16. A method for providing automatic gain control (AGC) in a radio receiver circuit including a variable gain amplifier such that a voltage level of an output signal generated by the radio receiver circuit is adjusted to a predetermined target voltage level, wherein the method comprises:
decreasing a gain of the variable gain amplifier at a first, relatively fast rate when the voltage level of the output signal is greater than an intermediate voltage level that is greater than the target voltage level, and
decreasing the gain of the variable gain amplifier at a second, relatively slow rate when the voltage level of the output signal is between the intermediate voltage level and the target voltage level,
wherein decreasing the gain of the variable gain amplifier at the first, relatively fast rate comprises generating both a first gain control signal component and a second gain control signal component when the voltage level of the output signal is greater than the intermediate voltage level, and
wherein decreasing the gain of the variable gain amplifier at the second, relatively slow rate comprises generating only the first gain control signal component when the voltage level of the output signal is between the intermediate voltage level and the target voltage level.
17. The method of claim 16,
wherein generating both the first gain control signal component and the second gain control signal component comprises causing a first comparator and a second comparator to generate said first gain control signal component and the second gain control signal component, respectively, and
wherein generating only the first gain control signal component comprises turning off the second comparator.
Description
FIELD OF THE INVENTION

This invention relates to radio receiver circuits, and more particularly to radio receiver circuits including automatic gain control.

BACKGROUND OF THE INVENTION

FIG. 3 is a simplified block diagram illustrating a conventional radio receiver 50 including an antennae 51 for received a radio signal RS, a receiver front end circuit 52 for converting radio signal RS into a filtered (electrical) signal VFILT, a variable gain amplifier 53 and a demodulator 54 for demodulating filtered signal VFILT to produce an output signal VOUT that is used, for example, to represent digital pulses (note that the present invention is of most benefit with digital pulse signals), or to generate music or other sounds representing information carried by radio signal RS. The specific functions performed by receiver front end circuit 52, amplifier 53, and demodulator 54 are well known in the art, and therefore a more detailed description is omitted for brevity.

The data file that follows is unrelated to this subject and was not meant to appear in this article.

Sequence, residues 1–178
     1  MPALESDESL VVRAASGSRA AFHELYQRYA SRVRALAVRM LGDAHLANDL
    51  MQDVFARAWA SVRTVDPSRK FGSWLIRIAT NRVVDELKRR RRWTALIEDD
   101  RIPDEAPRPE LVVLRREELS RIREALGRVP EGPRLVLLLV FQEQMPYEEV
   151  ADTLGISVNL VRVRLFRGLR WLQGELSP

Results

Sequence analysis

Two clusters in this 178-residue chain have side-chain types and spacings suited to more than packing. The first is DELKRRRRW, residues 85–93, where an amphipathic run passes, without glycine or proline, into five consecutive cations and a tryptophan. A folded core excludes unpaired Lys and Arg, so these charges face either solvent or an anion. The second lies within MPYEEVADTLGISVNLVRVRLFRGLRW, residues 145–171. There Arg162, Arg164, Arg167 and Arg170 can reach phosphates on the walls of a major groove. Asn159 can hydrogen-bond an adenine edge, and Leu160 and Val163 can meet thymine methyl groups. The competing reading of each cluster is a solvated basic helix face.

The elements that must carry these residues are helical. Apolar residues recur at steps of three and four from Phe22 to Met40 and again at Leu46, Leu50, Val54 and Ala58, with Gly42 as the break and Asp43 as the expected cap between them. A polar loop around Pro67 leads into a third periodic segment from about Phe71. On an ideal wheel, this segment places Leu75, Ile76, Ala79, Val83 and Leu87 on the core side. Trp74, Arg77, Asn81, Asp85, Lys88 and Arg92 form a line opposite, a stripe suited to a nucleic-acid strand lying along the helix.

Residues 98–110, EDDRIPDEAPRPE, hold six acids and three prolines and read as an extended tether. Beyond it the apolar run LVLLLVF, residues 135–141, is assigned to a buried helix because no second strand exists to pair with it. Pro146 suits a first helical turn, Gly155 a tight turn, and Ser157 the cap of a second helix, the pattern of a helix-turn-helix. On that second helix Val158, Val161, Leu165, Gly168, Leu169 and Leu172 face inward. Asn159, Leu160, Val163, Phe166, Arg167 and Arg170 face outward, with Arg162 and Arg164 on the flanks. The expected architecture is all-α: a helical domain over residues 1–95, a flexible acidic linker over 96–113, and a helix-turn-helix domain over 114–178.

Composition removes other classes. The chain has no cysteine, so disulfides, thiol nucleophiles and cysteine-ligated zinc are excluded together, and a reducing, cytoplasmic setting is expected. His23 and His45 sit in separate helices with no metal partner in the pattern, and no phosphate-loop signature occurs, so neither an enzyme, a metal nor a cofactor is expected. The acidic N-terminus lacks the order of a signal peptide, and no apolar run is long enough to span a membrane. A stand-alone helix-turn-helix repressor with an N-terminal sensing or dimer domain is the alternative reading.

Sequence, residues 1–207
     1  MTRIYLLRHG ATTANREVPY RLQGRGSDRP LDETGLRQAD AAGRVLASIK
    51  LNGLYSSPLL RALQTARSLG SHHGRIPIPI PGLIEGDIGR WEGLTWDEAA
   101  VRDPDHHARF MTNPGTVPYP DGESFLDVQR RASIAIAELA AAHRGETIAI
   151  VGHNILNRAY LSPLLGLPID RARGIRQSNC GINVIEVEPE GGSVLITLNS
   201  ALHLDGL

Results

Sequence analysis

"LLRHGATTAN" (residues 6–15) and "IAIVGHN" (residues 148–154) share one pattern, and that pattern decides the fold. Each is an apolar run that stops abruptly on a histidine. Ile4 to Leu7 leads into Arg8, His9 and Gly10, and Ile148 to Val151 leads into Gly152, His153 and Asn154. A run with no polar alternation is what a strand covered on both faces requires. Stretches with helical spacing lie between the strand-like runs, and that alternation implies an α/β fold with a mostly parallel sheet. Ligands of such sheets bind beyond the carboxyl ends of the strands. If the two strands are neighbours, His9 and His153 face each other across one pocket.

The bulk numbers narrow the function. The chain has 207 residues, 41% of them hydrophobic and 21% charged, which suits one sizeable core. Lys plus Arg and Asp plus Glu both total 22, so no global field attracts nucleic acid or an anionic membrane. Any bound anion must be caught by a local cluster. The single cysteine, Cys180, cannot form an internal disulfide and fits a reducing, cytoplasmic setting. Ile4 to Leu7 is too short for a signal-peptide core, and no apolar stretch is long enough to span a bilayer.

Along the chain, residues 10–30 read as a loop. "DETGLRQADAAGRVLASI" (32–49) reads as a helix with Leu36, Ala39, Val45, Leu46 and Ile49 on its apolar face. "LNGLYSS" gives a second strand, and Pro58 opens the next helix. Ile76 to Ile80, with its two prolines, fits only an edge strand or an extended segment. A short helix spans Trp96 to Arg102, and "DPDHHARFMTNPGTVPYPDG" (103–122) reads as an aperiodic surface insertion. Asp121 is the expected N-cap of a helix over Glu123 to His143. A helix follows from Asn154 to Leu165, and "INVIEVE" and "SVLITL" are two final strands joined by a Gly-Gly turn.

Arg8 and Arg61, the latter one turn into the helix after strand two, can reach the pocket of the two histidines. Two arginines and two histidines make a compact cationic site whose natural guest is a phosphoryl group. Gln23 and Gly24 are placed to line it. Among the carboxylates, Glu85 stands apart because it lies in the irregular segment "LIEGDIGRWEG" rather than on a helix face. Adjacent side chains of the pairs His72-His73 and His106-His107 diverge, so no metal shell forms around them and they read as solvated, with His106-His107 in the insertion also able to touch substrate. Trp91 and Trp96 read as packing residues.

It is a common practice in conventional radio receivers to compensate for the wide range of signal strengths of received radio signals RS by utilizing a comparator 55 to compare the voltage level of output signal VOUT with a reference signal VREF, and to generate a gain control signal VGC that is applied to a gain control terminal 53A of variable gain amplifier 53 in order to adjust the signal path amplification of amplifier 53 such that output signal VOUT is maintained at a near constant amplitude. Such a closed loop control system (i.e., including amplifier 53, demodulator 54, comparator 55, and filter capacitor 56) is commonly referred to as automatic gain control (AGC), and is referred to below as the AGC loop.

FIG. 4 is a waveform diagram illustrating the effect of a relatively strong radio signal RS (i.e., a radio signal having a level significantly higher than that required to start AGC action. Referring to the left side of FIG. 4, in the absence of radio signal RS, output signal section VOUT0 remains at a zero or minimum noise level. Because output signal section VOUT0 remains lower than reference signal VREF prior to time T1, comparator 55 (FIG. 3) generates a corresponding high gain control signal VGC that maximizes the gain of variable gain amplifier 53 (note that the absolute gain value depends on control phase of variable gain amplifier 53; e.g., a gain control signal VGC of 0V equals low gain, and a gain control signal VGC of 2V equals high gain). At time T1, relatively strong radio signal RS is received and causes amplifier 53 to generate an output signal VOUT1 that is substantially greater than reference signal VREF. In such a closed loop AGC system, reference signal VREF is set equal to the nominal peak output signal required, and if the initial transient is too high, this part of the signal is usually clipped and lost (this is indicated by the short horizontal section between time T1 and the downward sloped portion of signal VOUT2 in FIG. 4). In order to adjust output signal VOUT1 to the desired output level determined by reference signal VREF, comparator 55 causes gain control signal VGC to change such that the gain of amplifier 53 is reduced. This gain decrease (i.e., represented by the downward sloped portion of signal VOUT1) occurs at a predetermined rate that is determined by the response time of the AGC loop formed by amplifier 53, demodulator 54, comparator 55 and capacitor 56, whereby (as shown in FIG. 4) output signal VOUT1 gradually decreases between times T1 and T2 toward reference signal VREF.